In conclusion, our results demonstrated that eriodictyol had a protective effect on As2O3-induced liver injury. The possible mechanism is involved in activating Nrf2/HO-1 signaling pathway. Eriodictyol has a potential application to treat arsenic-induced toxicity.

MATERIALS AND METHODS

Materials

Eriodictyol (purity>98%) was obtained from the Department of Natural Products Chemistry of Shandong University (Jinan, China). As2O3 parenteral solution was purchased from Harbin Yida Pharmaceutical Company Ltd. (Harbin, China). GPX, SOD, CAT, and MDA kits were purchased from the Jiancheng Bioengineering Institute of Nanjing (Nanjing, China). The Nrf2, HO-1, Lamin B, β-actin, and horseradish peroxidase-conjugated (HRP) secondary antibodies were purchased from Cell Signaling Technology Inc (Beverly, MA).

Animals

Male Wistar rats (8 week old) were purchased from the Center of Experimental Animals of Jilin University (Changchun, China). All animals were housed in microisolator cages and fed standard laboratory chow and water ad libitum. The environment temperature was 25 ± 2 °C and humidity was 55 ± 5%. All animal experiments were performed in accordance with the Health’s Guide for the Care and Use of Laboratory Animals published by the US National Institute of Health.

Experimental protocol

Eighty-four rats were randomly divided into seven groups: control group, Eriodictyol alone treated group, As2O3 group, As2O3 + eriodictyol (10, 20, 40mg/kg, 1 h before) treated groups, and As2O3 + eriodictyol (40mg/kg, 1 h after) treated group. Male Wistar rats were administrated 3mg/kg As2O3 intravenous injection at days 1, 4, 5, and 7. Eriodictyol was given by an intraperitoneal injection 1 h before or after As2O3 treatment. Control rats were treated with equal amount of 0.9% normal saline as a vehicle control. On the 8th day, the rats were killed and the blood samples and livers were collected.

Histological analysis

To evaluate the changes of liver issues, the livers were obtained and fixed in 10% neutral buffered formalin overnight. The the tissues were dehydrated, paraffin embedded and sliced. The sections were stained with hematoxylin and eosin (H&E) stain. Finally, the pathological changes of liver tissues were observed under a light microscope.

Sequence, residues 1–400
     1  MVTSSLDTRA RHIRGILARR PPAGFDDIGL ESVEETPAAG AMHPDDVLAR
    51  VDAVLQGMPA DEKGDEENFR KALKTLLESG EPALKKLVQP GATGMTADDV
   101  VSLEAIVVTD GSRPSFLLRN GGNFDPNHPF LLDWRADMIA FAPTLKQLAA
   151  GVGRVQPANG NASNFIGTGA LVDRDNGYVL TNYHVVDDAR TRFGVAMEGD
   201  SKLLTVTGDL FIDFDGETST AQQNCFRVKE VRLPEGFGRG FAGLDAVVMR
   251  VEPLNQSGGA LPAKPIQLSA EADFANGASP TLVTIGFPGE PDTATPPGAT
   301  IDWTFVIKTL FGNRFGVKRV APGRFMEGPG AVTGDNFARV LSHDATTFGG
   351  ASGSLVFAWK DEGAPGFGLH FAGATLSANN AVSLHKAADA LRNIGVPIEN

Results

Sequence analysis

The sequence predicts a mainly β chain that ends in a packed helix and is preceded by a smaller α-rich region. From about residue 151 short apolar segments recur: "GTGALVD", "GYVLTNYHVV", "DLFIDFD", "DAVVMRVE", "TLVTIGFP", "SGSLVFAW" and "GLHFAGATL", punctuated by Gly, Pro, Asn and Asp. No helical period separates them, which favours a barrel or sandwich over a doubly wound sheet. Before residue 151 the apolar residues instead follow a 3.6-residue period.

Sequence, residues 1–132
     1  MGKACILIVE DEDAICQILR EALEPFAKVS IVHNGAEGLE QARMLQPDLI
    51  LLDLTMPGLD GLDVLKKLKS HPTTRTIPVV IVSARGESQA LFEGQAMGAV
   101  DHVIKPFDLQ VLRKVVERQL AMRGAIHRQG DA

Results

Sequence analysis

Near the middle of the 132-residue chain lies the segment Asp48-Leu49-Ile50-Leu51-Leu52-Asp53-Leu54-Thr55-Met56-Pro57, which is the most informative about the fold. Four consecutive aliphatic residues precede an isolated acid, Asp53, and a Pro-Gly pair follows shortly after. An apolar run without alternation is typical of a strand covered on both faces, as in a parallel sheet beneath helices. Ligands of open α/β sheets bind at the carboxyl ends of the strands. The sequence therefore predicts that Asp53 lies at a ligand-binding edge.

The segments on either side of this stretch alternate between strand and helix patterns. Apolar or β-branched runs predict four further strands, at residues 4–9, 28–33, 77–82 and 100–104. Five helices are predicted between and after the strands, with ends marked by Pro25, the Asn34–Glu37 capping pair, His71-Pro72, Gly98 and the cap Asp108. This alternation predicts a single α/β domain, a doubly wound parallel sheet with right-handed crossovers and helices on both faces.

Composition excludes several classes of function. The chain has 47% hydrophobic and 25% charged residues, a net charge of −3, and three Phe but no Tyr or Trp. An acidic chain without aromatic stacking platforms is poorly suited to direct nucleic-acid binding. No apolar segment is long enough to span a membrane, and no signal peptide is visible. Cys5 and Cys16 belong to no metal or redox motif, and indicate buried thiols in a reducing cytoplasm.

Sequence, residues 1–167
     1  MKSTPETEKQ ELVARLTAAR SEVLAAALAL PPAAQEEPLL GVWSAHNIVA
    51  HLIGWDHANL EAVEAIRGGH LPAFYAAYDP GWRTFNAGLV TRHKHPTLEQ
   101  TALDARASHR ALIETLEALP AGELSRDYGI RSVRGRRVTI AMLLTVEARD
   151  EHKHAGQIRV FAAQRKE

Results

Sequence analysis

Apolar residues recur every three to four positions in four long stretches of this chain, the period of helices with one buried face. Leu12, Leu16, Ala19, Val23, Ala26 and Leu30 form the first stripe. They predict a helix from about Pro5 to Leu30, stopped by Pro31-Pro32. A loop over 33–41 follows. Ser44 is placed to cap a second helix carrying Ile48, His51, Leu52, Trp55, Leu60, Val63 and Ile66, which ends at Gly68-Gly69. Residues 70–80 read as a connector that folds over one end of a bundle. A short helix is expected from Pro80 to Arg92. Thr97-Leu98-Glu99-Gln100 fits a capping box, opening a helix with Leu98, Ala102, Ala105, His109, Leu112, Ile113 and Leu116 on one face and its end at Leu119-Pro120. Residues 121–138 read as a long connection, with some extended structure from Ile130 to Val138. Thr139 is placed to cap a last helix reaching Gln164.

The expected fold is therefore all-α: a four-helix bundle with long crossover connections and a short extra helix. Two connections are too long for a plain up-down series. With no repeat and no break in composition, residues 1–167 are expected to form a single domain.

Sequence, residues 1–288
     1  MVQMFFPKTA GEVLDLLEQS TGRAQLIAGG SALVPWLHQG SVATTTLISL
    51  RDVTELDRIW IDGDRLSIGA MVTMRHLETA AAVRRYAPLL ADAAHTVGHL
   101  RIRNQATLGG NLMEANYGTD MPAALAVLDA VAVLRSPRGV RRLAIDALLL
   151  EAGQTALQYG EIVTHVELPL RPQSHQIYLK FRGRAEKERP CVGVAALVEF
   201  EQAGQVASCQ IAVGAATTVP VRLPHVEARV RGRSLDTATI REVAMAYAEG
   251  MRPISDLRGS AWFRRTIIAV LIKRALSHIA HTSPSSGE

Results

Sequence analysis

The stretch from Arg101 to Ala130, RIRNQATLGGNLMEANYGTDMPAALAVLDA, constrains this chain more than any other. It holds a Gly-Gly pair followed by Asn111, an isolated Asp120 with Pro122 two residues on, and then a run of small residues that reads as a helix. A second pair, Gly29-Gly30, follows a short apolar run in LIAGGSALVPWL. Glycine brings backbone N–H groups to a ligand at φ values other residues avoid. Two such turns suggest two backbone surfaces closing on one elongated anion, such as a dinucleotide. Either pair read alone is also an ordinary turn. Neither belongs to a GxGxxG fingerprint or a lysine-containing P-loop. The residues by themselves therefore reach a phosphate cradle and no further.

Measurement of oxidative stress and antioxidant enzymes in liver tissues

Liver tissues were homogenized and the levels of MDA, the antioxidant enzymes GPX, SOD, and CAT in liver tissues were tested by commercial kits (Jiancheng Bioengineering Institute of Nanjing, China) according to the manufacturer’s instructions.

Measurement of ALT an AST

24 h after the last time of As2O3 treatment, the blood samples were collected and centrifuged at 3000 g for 8 min to obtain the serum. Serum ALT and AST levels were measured by commercial kits (Jiancheng Bioengineering Institute of Nanjing, China) according to the manufacturer’s instructions.

Quantitative real-time PCR

TRizol was used to extract the total RNA following the manufacturer’s instructions (Invitrogen, Carlsbad, CA, USA). Then, the RNA samples were reversed transcription to cDNA with the Revert Aid First Strand cDNA Synthesis Kit (MBI Fermentas, Lithuania). Real-time PCR (RT-PCR) was completed on a 7500 real-time PCR system (Applied Biosystems, Carlsbad, CA, USA). The primers were: Nrf2 (F: TTGTAGATGACCATGAGTC, R: TGTCC TGCTGTATGCTGCTT), HO-1 (F: TAAATGCAGTG TTGGCCCC, R: ATGTGCCAGGCATCTCCTT), β-actin (F: GGAGTACGATGAGTCCGGC, R: CGCAGCTCAG TAACAGTCC). Primers were acquired from Sangon Biotech Co. Ltd (Shanghai, China). The reaction conditions of PCR are as follows: 50 °C for 2 min and 95°C for 10 min followed by 40 cycles of 95 °C for 15 s and 60 °C for 1 min. Three replicates of every group were run.

Western blot analysis

Liver tissues were homogenized in liquid nitrogen and incubated in lysis buffer containing protease and phosphatase inhibitors (Roche, Basel, Switzerland) to obtain protein. The protein concentration was determined through BCA kits. Equal amounts of protein were separated by 12% SDS-PAGE gel and electrotransferred to a nitrocellulose membrane. The membrane was incubated with the primary antibodies Nrf-2 (1: 1000), HO-1 (1: 1000) at 4 °C overnight and then probed with HRP-conjugated secondary antibody at room temperature for 2 h. The immunoreactive proteins were detected using an enhanced chemiluminescence Western blotting detection kit.

Statistical analysis

Data are presented as the mean±SEM. Comparisons between groups were analyzed using one-way ANOVA (Dunnett’s t-test) and two tailed Student’s t-test. The P< 0.05 or P< 0.01 were considered statistically significant.

CONFLICTS OF INTEREST

The authors have no conflicts of interest to declare.

GRANT SUPPORT

This study was supported by grants from the National Natural Science Foundation of China (No. 31672616).